Research shows that we receive a quarter of a million selling messages daily. Mostly we are unaware of this, but wherever there is written, visual or aural communication someone is using that medium as a message.
Research carried out by Marketing Week in 1997 showed that 90 per cent of companies surveyed had engaged in some kind of marketing to schools and that 80 per cent of schools have been involved in a commercially driven campaign. Children exert a big influence on how families spend money. What market experts call "pester power" generates spending of up to pound;8.4 billion in the UK each year.
With so much to play for, the increasing involvement of business in sponsoring education is hardly surprising. But does it automatically mean open season for selling inside the school gates?
Children are acutely aware of brands, and are highly aspirational but, amazingly, schools have maintained their integrity. The hard sell feared by consumer organisations has not materialised. Lessons have been learned from the US where commercials are shown on school television, and educational resources are an unregulated free-for-all. British advertising and marketing professionals are far more cautious.
There are two discrete forms of education sponsorship. One is the corporate community investment where money and resources are donated to schools. Then there is marketing where a company's aim is to get its brand recognised by children and their parents. Cause-related marketing - campaigns such as Tesco's Computers for Schools - is a huge growth area.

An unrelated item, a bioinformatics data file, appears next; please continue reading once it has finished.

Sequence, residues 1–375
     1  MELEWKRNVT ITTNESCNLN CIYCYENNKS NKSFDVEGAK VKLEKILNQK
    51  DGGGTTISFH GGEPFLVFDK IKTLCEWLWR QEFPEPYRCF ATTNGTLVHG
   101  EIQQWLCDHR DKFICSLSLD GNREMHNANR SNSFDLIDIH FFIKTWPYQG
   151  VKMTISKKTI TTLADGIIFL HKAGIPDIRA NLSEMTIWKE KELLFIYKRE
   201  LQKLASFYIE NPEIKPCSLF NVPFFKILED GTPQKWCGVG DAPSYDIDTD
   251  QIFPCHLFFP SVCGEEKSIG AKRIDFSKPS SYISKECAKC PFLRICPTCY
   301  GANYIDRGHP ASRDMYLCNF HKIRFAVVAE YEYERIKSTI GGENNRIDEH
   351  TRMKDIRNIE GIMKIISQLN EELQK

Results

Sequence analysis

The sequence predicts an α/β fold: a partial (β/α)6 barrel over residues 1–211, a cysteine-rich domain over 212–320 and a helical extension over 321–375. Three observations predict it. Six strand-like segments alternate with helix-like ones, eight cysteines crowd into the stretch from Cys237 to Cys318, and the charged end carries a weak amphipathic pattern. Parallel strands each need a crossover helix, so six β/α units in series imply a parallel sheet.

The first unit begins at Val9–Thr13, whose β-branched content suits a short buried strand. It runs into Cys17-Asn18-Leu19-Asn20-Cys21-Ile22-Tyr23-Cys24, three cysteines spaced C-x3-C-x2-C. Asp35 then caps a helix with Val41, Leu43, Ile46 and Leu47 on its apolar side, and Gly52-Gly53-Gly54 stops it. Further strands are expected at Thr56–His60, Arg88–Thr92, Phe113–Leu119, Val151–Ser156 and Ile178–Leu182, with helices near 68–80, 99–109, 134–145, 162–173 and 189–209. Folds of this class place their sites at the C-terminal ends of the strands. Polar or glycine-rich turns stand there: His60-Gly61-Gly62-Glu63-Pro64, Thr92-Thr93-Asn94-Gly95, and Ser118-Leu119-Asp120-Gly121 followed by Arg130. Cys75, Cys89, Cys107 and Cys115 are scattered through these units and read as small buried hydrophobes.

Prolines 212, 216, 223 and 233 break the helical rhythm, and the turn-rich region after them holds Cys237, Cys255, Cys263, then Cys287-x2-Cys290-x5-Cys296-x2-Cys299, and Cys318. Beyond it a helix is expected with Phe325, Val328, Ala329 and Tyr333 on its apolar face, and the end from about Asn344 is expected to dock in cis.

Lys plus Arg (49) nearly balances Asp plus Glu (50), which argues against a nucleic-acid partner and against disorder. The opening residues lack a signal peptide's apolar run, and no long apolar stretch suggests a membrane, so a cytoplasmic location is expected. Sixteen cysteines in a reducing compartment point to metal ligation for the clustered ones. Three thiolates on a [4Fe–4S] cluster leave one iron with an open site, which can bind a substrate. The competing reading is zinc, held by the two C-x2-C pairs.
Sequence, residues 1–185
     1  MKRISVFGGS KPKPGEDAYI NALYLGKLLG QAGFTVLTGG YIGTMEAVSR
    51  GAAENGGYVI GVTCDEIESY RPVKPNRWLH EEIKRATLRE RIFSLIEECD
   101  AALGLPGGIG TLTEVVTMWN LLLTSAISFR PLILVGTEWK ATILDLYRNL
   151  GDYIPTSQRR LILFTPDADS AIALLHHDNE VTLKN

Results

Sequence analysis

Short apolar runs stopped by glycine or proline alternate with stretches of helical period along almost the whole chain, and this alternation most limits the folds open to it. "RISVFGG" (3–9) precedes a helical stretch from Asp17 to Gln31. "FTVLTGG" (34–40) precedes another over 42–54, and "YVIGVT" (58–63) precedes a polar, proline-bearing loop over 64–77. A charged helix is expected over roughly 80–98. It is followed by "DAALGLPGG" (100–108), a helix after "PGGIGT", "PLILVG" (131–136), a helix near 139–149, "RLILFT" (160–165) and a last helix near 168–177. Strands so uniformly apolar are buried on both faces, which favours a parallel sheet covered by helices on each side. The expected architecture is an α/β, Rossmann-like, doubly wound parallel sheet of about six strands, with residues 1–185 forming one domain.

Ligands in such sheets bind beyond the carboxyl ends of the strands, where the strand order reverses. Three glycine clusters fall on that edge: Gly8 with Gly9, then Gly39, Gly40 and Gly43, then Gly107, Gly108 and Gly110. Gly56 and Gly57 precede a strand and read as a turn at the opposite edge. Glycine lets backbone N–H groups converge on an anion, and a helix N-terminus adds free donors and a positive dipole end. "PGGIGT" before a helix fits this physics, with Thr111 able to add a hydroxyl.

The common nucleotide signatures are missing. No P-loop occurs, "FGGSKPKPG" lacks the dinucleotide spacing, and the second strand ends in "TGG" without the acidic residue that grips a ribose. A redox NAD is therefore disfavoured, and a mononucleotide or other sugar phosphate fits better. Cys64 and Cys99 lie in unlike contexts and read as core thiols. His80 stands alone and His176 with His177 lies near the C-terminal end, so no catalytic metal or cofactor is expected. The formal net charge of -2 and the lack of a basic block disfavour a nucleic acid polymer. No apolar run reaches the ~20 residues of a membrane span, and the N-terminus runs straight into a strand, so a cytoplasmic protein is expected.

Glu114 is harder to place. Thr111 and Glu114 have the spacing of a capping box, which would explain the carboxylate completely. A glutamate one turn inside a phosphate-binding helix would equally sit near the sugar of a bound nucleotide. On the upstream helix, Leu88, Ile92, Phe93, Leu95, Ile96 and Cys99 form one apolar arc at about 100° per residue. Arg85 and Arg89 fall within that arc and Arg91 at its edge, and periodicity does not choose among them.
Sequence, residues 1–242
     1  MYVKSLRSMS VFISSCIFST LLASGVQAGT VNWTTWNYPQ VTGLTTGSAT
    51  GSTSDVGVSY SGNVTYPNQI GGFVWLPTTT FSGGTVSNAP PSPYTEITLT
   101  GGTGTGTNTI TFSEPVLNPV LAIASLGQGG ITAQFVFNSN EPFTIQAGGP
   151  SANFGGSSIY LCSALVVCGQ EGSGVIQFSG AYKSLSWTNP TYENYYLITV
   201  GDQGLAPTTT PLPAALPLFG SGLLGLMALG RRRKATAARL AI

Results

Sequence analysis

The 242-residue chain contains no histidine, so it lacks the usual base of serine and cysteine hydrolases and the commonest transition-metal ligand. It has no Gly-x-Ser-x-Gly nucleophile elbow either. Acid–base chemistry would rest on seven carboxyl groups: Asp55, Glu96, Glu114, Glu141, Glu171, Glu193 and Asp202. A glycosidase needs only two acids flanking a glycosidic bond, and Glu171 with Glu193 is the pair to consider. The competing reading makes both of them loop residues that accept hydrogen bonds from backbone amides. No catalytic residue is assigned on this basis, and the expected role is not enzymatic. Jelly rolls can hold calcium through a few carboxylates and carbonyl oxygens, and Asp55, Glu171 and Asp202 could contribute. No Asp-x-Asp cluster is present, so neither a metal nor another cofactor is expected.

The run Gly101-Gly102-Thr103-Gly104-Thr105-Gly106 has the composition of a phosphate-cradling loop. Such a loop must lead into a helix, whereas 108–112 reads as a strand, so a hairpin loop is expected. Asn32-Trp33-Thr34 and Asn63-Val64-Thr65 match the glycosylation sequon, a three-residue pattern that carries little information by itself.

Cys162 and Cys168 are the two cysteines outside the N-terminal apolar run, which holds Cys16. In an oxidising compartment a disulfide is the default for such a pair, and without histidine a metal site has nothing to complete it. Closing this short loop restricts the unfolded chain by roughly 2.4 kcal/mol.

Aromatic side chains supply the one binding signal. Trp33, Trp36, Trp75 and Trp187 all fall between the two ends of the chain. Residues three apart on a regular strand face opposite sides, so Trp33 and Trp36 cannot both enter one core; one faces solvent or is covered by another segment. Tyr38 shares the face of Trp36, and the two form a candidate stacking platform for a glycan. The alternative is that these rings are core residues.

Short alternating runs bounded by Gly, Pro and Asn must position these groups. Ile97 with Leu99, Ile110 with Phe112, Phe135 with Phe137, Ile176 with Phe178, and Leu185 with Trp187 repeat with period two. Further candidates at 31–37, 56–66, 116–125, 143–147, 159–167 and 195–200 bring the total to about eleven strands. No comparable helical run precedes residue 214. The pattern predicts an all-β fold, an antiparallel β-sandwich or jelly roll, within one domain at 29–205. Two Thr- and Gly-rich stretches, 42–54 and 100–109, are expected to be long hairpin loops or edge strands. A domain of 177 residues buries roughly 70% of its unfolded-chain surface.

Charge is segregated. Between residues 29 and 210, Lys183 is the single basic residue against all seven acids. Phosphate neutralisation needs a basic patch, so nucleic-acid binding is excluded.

Jo Hillier, social marketing director with Good Business, a consultancy, says: "The end result is the consumer feels good about the company - it improves the brand and the corporate reputation. It fits with the overall business objectives."
Often there is an overlap between the corporate community investment and marketing. Sponsorship is a grey area and most firms involved in education want to be recognised for it - this generally means a Yes to discrete logos but a No to advertising messages. Sponsorship is not restricted to private-sector companies. It can be industry bodies, national training organisations and charities.
Schools are a grey area in terms of consumer protection. The National Consumers' Council guidelines for sponsored educational resources are voluntary. The code of practice for advertising industry' is difficult to apply to schools where there are no ground rules.
The Advertising Standards Authority has received many complaints about advertisements aimed at children that contain harmful or misleading messages. The ASA's Steve Ballinger says: "Sponsored material going into schools should comply with our code. Brand names are acceptable, but if there was an advertisement promoting a product we'd look into it."